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Trafficking and torturing Eritrean refugees

By Graham Peebles
May 20, 2014

crew1Life in Eritrea is brutal and shrouded in secrecy. The world is indifferent. The regime trusts nobody – even the United Nation’s special rapporteur on Eritrea, Sheila Keetharuth, has been denied a visa.

Poverty, repression and injustice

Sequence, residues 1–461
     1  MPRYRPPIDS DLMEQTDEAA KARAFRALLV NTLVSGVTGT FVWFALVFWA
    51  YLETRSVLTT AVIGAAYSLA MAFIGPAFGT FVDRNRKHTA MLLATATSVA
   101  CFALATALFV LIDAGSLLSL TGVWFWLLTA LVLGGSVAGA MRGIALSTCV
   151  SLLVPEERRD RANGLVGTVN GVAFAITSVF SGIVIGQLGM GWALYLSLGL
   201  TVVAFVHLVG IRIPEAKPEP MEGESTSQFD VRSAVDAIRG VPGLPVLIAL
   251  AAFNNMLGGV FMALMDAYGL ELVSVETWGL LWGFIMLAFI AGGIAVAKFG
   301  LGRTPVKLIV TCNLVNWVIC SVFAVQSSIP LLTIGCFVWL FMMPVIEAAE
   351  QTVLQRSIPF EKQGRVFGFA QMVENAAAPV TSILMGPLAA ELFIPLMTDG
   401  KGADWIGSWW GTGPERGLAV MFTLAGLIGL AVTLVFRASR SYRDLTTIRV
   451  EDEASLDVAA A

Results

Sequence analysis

Last year Keetharuth said: “Basic tenets of the rule of law are not respected.” Following this, the UN Security Council“strongly condemned” Eritrea’s “continued widespread and systematic violations of human rights and fundamental freedoms.” Violations include forced and child labour, “arbitrary detention, and severe restrictions on freedoms of expression, association and religion” as well as violence against women, gender inequality, gender-based violence, female genital mutilation and economic discrimination.Eritrea is beset by fundamental problems, yet President Isaias Afwerki blindly rejects all foreign intervention, including urgent food aid. Eritrea was ranked 77th (out of 78) in the 2013 Global Hunger Index, and over 60 per cent of its population is malnourished. In a report by risk analysis firm Maplecroft, it was identified as the country where child labour is most rampant. Children as young as 15 are routinely conscripted into the military where, according to Human Rights Watch, they are “subject to violence and ill-treatment. Beatings, torture, and prolonged incarcerations are common.” Read More



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